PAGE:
The Finlux 48FT3E242S-T is possibly one of the most attractive TVs you can buy for less than £400. Its flat metal stand has a stylish hairline finish, which is a welcome change from the chunky plastic stands we tend to see at this end of the market, such as on Samsung’s UE40H5500, and its slim bezel and dimensions are just as smart and tasteful as sets that costs twice the price. It’s only available in the one size, but 48in is a good fit for many UK living rooms.
Overall screen brightness isn’t particularly high, measuring 234.54cd/m2 with the backlight on its maximum setting, but this is still perfectly acceptable and we were able to see the screen clearly in our brightly lit test room. We were also pleased with the TV’s contrast levels, which measured an impressive 4820:1 out of the box. This provided plenty of detail in darker scenes and the TV’s viewing angles were fantastic. Likewise, black levels of just 0.05cd/m2 are impressive for a budget set, beating mid-range sets from both LG and Panasonic.
You’ll need to tweak the picture settings to get the best image, though, as our colour calibrator’s initial reading showed the screen was displaying just 86.9% of the sRGB colour gamut. We expect this to a certain degree on budget sets, but it’s still a shame it can’t quite match the Finlux 42FME242S-T’s pre-calibration reading of 92.6% straight out of the box.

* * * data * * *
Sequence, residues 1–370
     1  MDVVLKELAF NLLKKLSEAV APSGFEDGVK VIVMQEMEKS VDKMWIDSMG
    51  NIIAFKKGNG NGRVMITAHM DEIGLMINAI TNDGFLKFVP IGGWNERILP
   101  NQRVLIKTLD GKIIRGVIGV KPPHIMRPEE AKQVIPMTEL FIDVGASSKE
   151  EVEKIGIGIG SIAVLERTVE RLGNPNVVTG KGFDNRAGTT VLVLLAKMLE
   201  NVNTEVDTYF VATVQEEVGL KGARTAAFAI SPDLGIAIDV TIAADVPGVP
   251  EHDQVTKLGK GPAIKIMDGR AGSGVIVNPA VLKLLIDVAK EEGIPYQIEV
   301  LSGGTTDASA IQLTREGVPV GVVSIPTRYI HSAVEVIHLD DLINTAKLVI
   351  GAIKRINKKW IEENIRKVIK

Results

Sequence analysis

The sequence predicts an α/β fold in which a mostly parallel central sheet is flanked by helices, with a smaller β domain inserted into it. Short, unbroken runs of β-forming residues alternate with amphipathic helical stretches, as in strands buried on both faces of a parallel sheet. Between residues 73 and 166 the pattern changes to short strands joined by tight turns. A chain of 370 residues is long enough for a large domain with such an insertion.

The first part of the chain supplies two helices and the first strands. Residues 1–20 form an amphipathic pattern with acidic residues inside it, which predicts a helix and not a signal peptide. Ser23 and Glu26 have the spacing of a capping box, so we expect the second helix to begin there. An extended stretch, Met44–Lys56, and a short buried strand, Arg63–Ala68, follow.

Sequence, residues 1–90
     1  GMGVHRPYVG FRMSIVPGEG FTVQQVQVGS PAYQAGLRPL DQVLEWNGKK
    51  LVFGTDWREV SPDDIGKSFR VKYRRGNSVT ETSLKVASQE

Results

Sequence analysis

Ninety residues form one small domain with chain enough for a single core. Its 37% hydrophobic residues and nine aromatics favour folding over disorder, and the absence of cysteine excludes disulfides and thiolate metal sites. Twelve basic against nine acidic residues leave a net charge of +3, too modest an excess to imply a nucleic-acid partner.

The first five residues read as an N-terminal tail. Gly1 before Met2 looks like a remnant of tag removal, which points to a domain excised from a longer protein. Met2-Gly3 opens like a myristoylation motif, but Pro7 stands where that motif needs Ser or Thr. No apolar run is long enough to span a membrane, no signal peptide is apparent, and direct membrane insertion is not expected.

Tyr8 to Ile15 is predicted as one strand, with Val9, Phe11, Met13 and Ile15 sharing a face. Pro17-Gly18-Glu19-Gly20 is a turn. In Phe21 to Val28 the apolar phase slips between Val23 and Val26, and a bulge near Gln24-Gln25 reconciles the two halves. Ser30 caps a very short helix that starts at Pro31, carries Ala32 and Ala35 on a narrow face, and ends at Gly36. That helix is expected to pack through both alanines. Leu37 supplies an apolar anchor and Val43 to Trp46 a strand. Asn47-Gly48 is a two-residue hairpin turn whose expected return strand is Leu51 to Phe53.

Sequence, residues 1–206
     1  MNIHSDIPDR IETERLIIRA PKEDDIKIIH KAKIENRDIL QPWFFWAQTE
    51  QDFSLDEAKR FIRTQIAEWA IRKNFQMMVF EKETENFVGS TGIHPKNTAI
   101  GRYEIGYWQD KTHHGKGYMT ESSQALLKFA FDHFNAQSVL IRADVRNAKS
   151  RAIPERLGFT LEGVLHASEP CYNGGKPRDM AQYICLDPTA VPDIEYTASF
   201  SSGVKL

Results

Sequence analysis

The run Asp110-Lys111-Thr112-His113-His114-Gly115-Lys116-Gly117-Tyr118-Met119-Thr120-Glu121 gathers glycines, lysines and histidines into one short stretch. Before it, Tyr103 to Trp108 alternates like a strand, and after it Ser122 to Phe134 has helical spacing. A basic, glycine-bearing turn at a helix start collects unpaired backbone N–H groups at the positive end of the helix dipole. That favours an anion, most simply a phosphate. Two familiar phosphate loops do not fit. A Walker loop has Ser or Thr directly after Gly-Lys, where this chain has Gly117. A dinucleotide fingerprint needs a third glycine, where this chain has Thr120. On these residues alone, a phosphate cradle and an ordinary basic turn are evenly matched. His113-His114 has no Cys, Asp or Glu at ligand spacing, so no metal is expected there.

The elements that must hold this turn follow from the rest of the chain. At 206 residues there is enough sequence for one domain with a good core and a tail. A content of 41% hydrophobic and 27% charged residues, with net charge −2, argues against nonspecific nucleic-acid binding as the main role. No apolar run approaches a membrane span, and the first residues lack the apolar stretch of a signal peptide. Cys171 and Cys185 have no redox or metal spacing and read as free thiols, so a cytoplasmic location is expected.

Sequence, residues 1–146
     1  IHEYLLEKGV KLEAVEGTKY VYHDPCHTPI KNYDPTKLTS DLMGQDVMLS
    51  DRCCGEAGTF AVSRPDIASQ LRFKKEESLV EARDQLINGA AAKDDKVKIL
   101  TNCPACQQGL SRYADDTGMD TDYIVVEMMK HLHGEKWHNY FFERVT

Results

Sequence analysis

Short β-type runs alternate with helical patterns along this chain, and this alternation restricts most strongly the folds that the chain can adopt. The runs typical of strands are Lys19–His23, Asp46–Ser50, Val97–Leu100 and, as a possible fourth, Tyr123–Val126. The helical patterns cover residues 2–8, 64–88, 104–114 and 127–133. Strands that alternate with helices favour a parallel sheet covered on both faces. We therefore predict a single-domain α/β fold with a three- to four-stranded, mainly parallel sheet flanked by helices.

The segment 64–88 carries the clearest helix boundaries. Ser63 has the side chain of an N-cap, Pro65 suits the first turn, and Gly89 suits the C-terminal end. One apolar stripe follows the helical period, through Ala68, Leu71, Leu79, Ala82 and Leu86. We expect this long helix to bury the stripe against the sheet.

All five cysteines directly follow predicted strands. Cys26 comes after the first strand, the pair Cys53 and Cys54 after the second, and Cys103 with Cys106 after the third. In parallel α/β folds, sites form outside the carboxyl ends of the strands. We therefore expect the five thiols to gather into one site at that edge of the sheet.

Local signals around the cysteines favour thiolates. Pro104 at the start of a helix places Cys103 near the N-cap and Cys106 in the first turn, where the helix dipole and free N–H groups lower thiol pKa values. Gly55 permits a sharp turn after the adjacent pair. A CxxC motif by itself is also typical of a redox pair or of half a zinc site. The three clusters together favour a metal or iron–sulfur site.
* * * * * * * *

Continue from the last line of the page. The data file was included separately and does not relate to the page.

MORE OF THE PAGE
The TV’s main area of weakness was its warm colour coverage, which fell short of the sRGB colour boundary. Its green, yellow and blue coverage was also quite strong, resulting in a slightly cool-looking picture overall. Still, once we’d set the colour temperature to Warm, the backlight to High and changed the RGB Gain settings to Red 16, Green 15 and Blue 16, we achieved a much more respectable 97.9% on its default Natural picture mode, giving the screen a much richer, more vibrant appearance.
This is just as well, as there aren’t many other settings available to help you fine-tune the picture any further. Apart from basic brightness, contrast, backlight, sharpness and colour settings, the only other options you’ll find are dynamic contrast, picture zoom, skin tone adjustment, red/green colour shift, film mode and HDMI True Black settings.
^ The remote could be better, but we like its dedicated Netflix button at the top
You can also enable noise reduction to help improve the quality of low resolution content, such as standard definition TV channels, but we found it didn’t make a huge amount of difference. It definitely eradicated some unwanted artefacts and noisy areas of compression, but these were still present to some degree, even on High. As a result, you’ll probably want to stick to as many HD channels as possible, as these provided a much clearer, sharper picture that was largely free of jagged edges.
Unsurprisingly, there’s no frame interpolation, but we were very pleased with how the image processor handled fast-moving action sequences. Camera pans were still noticeably jerky, but on the whole films looked smooth and natural, and were comfortable to watch.